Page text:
Organisation Florian Fischer (Bonn) and Sascha Hilgert (Bonn & Vienna) Everybody is welcome! If you want to participate please send an email to: email@example.com
The problem of change reconsidered Florian Fischer
Change consists in continuity and difference. According to Leibniz’ Law things which are identical have the same properties. This is in tension with the concept of change, where one and the same persisting object is supposed to have different, even incompatible properties. In this talk, I will discuss possible solutions to this conundrum. I will then take a step back and consider the set up of the modern debate. It seems like it is assumed that the (dis)solution of the contradiction is all there is to a theory of change. One could critically note that how the change is brought about is not considered. I will thus sketch some variants of (neo-)Aristotelian accounts of change as a contrast class.
Real change without primitive temporal operators Dan Deasy
Cian Dorr (Counterparts MS) suggests that propositional temporalists (according to whom there are propositions that are sometimes true and sometimes false) can accept popular semantic theories which posit explicit time variables in syntax by positing an unvoiced existential quantifier restricted to the one and only present instant. In that case, simple sentences like ‘Erdogan is a fool’ have a form along the lines of ‘∃t(Present(t) & Fool (Erdogan, t)’. Deasy (2015) builds on this idea in order to defend a version of the moving spotlight theory of time according to which (i) there is exactly one temporary fundamental property of presentness and (ii) there are no fundamental temporal operators. I describe three problems facing this view: one metaphysical, one semantic, and one logical. I also canvass some solutions to these problems.
Temporal dimensionality and tense within our experience Grasping succession with the help of Henri Bergson Sonja Deppe
Why is time so self-evidently given within our experience and yet so difficult to understand within theoretical thinking? I claim that succession, one core characteristic of time, provokes this tension between experience and theoretical analysis. I will show why and present a solution, both with the help of Henri Bergson. We will have a more detailed look at how the being-structured as successive of experienced events is to be understood. We will find that both, tense and dimensionality, are important aspects here. Those may seem to conflict within theoretical analysis but Bergson can help us out here.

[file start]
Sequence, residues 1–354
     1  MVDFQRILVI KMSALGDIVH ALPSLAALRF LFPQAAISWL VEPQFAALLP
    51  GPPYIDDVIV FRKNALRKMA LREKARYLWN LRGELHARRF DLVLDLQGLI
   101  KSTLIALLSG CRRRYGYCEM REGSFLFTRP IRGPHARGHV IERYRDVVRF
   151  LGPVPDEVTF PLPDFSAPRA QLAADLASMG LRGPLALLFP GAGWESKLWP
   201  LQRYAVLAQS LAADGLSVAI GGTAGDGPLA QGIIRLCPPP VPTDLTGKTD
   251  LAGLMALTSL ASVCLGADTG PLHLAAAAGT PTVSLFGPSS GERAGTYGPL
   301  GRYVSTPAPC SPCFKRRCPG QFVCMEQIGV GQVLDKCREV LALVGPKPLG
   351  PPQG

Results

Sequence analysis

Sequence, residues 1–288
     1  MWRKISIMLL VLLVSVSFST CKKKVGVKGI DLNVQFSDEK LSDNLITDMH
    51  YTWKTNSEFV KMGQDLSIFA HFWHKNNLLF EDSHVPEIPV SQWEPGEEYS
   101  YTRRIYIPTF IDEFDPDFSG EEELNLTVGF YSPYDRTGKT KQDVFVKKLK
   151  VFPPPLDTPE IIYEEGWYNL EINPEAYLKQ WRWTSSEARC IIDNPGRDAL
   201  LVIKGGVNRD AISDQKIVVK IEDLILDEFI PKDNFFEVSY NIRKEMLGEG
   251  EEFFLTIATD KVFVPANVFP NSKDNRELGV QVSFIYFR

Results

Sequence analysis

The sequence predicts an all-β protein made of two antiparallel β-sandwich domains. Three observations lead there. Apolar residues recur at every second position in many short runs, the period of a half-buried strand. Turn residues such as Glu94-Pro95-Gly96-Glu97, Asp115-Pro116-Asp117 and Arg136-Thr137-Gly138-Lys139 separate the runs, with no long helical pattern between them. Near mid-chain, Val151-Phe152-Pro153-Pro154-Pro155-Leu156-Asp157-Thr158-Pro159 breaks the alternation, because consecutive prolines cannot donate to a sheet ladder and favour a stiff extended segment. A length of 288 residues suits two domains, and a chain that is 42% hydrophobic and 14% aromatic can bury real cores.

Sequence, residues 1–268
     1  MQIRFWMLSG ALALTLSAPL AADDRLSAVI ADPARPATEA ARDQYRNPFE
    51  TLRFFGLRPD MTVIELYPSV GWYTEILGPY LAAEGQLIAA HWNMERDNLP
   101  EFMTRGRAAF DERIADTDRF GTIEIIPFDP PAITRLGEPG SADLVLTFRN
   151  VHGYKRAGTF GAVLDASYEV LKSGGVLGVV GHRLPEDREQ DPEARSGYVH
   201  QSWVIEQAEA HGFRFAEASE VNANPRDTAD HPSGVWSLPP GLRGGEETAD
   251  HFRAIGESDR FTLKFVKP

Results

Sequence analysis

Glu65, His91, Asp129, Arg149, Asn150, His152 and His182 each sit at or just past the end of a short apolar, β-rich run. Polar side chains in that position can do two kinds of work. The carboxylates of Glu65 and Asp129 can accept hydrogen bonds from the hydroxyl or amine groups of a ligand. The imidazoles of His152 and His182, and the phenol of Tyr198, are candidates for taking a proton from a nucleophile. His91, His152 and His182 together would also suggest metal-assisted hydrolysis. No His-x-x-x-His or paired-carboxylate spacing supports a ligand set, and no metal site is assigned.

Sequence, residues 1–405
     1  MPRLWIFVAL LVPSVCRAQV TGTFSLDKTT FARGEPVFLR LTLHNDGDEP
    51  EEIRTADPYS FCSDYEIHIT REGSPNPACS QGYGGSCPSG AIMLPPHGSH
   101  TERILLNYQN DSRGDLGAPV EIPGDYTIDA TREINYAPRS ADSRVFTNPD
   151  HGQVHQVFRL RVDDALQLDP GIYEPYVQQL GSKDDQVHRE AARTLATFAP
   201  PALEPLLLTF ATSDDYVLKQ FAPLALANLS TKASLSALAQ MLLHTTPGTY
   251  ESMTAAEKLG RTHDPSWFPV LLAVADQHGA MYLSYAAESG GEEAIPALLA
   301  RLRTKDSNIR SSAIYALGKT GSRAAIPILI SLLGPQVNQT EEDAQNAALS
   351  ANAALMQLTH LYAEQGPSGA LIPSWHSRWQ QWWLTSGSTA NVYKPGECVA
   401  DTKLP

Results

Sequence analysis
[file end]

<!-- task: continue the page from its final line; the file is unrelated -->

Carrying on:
Tensed facts and the tensed constitution of reality Moritz Rathjen
One way to state the debate between the tensed and the tenseless theory of time is in terms of the existence of facts. On this account, the tensed theory holds that there are tensed facts, the tenseless theory denies it. Furthermore, the tensed theory of time is taken to provide a different kind of change than the tenseless theory of time. A promising approach is to frame this kind of change as a feature of the constitution of reality. In this talk, I will present some variants of how this kind of change might be understood and argue that these variants fail to provide a different kind of change than the tenseless theory.
Determinism and causality in physics at the turn of the 20th century Marij Van Strien
At the start of the twentieth century, the role of causality in physics was criticized, notably by Ernst Mach, who argued that causes play no role in advanced sciences such as physics, and that physics deals with functions rather than with causes. However, I will show that he did hold on to a principle of causality or determinism in physics. Now, causality is an extremely heterogeneous concept, and around this time, it was often used as a synonym for determinism, which could be formulated in terms of laws; however, Mach rejected such determinism, or at least thought it was seriously limited. What he argued for was not so much an ontological principle, but rather a methodological principle or aim in science: one always has to look for regularities while doing scientific research. Similar conceptions (either called 'causality' or 'determinism') can be found in the work of other physicists at the time, including Boltzmann and Poincaré. I argue that for them, causality or determinism was about scientific method rather than about the world.
The disappearance of change Towards a process ontological solution of the persistence dilemma Anne Sophie Meincke
In my talk I shall argue that current accounts of persistence in metaphysics fail to the extent that they cannot make sense of persistence as entailing the possibility and reality of change. The two main competing views, endurantism and perdurantism, both rest upon the assumption that identity and change are essentially incompatible, which ultimately, one way or the other, results in eliminating change as a genuine part of reality. I shall demonstrate how the disappearance of change corrupts the concept of persistence in each case, leading the debate into the dilemma of either mystifying or eliminating persistence. Having identified a shared commitment to some version of thing ontology as the deeper common source of endurantism’s and perdurantism’s common failure, I shall show how switching to a process ontological framework allows for overcoming the dilemma of persistence by establishing a constructive relationship between identity and change rather than keeping them apart as enemies.